As most manufacturers are starting to realize, the quest to become green takes them right back to Lean. Applying ‘Lean Principles’ – a systematic approach to identifying and eliminating waste through continuous improvement - is one of the key ways to enhance environmental performance. By applying the tools, systems thinking, and lessons learned from the process improvement methodology they can effectively operationalize sustainability.

Lean and sustainability are conceptually similar. Both seek to maximize the efficiency of a system. This is accomplished through waste and time minimization. The difference lies in where this system (or process) boundary is drawn and how, and in how waste is defined. Lean sees waste as non-value added to the customer; green sees waste as extraction and consequential disposal of resources at rates or in forms beyond that which nature can absorb.

When companies expand the definition of waste to include not only product and process waste, but also the business consequences of unsustainable practices, Ohno’s list of wastes takes a different form:

Waste of natural resources
Waste of human potential
Waste due to emissions
Waste from byproducts (reuse potential)
Terminal waste, waste from by-products that have not further usefulness
Energy waste
Waste of the unneeded (e.g., packaging)

When the definition of waste is expanded and when it’s understood that the consequences of corporate decisions extend past the company parking lot, Lean can indeed be green. Less waste is good for the environment — and the company’s bottom line — and reducing waste in both products and processes is what Lean is all about. So it makes perfect sense that in order to achieve higher levels of environmental performance, your organization must first adopt the principles and practices of lean manufacturing.

Lean manufacturing practices, which are at the very core of sustainability, save time and money — an absolutely necessity in today’s competitive global marketplace. While the pursuit of Green and Lean is not a destination but a journey it is clear that organizations that stretch themselves to build a culture around the values of Sustainability, Excellence, and Equity will ultimately have a big advantage those who do not. Isn’t the ultimate definition of “sustainable manufacturing” to be able to compete and not only survive, but thrive?


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Wednesday, October 10, 2018

Five Ways to Find Time for Continuous Improvement


A common question I get on tours of our factory is how do you find time for improvement. My usual response is “we just do” but that is not entirely true.

“You will never find time for anything. If you want time you must make it.” – Charles Buxton (Philanthropist and Politician)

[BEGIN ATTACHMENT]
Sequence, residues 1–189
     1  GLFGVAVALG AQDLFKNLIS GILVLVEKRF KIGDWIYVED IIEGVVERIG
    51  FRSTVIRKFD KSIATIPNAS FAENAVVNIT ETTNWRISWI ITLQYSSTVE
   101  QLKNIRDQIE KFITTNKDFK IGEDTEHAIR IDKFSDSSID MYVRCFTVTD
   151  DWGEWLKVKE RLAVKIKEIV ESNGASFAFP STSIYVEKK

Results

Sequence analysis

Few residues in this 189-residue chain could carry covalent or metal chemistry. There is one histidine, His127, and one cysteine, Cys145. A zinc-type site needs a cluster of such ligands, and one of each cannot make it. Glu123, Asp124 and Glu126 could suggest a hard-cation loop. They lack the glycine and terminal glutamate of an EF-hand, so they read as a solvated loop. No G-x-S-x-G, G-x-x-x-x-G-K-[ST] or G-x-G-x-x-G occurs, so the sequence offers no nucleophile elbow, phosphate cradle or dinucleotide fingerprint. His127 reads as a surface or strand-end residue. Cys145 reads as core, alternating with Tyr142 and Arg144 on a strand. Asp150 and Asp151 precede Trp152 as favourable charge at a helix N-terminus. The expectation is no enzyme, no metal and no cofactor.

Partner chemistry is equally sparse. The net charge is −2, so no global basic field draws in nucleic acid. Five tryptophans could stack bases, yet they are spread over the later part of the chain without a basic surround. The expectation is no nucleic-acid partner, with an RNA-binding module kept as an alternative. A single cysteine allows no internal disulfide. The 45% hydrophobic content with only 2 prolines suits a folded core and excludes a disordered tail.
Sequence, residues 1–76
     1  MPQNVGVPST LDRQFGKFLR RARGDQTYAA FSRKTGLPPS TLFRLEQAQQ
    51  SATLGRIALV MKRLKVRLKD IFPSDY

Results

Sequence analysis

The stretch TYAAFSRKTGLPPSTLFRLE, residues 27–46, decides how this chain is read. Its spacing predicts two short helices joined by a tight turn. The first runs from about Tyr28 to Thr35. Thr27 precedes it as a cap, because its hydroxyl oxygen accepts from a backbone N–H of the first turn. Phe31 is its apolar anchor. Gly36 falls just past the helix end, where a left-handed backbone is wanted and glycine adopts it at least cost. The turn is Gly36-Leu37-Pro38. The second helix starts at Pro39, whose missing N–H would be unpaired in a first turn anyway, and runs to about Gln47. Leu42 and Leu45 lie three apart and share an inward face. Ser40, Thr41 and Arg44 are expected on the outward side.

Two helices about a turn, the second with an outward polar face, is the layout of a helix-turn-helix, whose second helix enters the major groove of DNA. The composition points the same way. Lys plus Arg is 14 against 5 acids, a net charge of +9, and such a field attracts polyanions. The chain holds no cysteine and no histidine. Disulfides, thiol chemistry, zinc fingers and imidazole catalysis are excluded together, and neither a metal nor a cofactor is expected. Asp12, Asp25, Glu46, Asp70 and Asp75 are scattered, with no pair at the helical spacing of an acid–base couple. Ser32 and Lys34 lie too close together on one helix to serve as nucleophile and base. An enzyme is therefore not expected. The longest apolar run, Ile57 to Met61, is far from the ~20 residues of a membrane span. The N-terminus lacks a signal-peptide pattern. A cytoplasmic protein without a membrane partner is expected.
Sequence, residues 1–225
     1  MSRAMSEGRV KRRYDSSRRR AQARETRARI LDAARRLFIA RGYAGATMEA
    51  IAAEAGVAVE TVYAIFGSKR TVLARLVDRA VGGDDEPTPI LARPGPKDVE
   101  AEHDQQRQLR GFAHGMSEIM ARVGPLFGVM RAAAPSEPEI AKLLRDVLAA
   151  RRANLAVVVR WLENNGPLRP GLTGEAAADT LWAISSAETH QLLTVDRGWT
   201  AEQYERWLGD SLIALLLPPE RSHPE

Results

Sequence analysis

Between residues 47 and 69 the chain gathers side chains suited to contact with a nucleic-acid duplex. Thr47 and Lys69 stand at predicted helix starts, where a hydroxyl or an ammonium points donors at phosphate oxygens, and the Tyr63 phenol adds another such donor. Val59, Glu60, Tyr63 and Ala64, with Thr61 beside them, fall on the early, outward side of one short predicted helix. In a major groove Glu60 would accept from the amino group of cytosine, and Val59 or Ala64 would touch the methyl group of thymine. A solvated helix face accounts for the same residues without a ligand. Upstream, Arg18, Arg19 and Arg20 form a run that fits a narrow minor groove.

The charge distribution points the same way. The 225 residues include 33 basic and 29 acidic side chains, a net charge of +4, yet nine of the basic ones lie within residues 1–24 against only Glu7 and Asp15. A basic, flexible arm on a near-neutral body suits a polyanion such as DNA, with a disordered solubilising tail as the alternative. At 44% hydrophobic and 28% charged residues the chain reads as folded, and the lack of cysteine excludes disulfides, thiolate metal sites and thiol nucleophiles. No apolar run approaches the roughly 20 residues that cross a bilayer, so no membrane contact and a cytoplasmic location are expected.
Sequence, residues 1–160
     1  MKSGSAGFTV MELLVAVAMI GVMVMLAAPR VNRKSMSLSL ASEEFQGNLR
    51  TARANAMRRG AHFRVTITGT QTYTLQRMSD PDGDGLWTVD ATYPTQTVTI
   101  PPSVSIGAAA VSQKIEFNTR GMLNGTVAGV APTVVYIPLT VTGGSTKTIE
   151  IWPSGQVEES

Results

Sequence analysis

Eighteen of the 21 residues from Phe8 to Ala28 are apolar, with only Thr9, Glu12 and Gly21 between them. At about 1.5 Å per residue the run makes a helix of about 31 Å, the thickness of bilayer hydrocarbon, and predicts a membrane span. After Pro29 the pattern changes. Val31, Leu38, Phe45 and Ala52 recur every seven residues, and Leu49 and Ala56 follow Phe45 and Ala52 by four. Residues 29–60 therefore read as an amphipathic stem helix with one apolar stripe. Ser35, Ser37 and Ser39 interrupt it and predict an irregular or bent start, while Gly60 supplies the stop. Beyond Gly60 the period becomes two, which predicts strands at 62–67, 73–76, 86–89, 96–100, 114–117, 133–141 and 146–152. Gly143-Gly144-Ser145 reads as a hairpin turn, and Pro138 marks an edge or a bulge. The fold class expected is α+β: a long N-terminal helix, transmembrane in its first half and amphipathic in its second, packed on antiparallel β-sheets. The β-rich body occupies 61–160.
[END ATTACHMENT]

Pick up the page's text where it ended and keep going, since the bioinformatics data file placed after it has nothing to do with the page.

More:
It is an age-old battle — production time versus improvement time. Two worthy rivals attempting to occupy the same narrow 24-hour space. The issue is not which is more important. Production is! This is as it should be: a company is in business to sell its products and services. It must first make them. And that takes time. Production time always comes first.

Too often improvement is left to chance and the ingenuity of the willing to eke out small pockets of time — and make magic happen. We all know these people. They see the vision burning brightly before them and are determined to make it happen. Time and again, these people prove — with their own mental, emotional, and physical health — the familiar adage: Where there’s a will, there’s a way.

Improvement doesn’t just happen.  It takes time, and in the pressure pot of our day to day activities, there is never enough time to improve our situation. The structure of Lean permits and requires time be set aside for improvement. If managers do not definitively provide time for the task of improvement, then people will know that they are not serious about making improvement a formal part of the work.

One of the most common reasons I hear when improvement activity stops is ‘there is so much going on, we’re too busy to find time for improvement. The predominant culture in many organizations is on of firefighting – implementing temporary fixed to problems. Ultimately, however, fire-fighting organizations fail to solve problems adequately. Firefighting prevents us from getting to the root cause. And if we don’t get to the root of problem we will be right back to firefighting soon.

There are some ways to build continuous improvement into your business:

1. Remove roadblocks.
Management’s job is improvement. They must remove roadblocks that hinder this achievement. If managers do not take the time and make the effort to incorporate improvement in their work they are not serious about the effort. It takes time and effort to make changes in the way we do things, but it takes the time to consider and implement those changes if they are to survive in the long run.

2. Look for quick wins.
Don't start by trying to save a million dollars overnight. This is the type of work that makes people think they have no time for continuous improvement. After all, you can only work on so many of these projects at once before you really do run out of time - or you don’t even have the time to get started on any of them. Small, incremental changes can give you quick wins—without disrupting your operations or demanding a huge amount of effort. 

3. Engage and develop entire team to solve problems.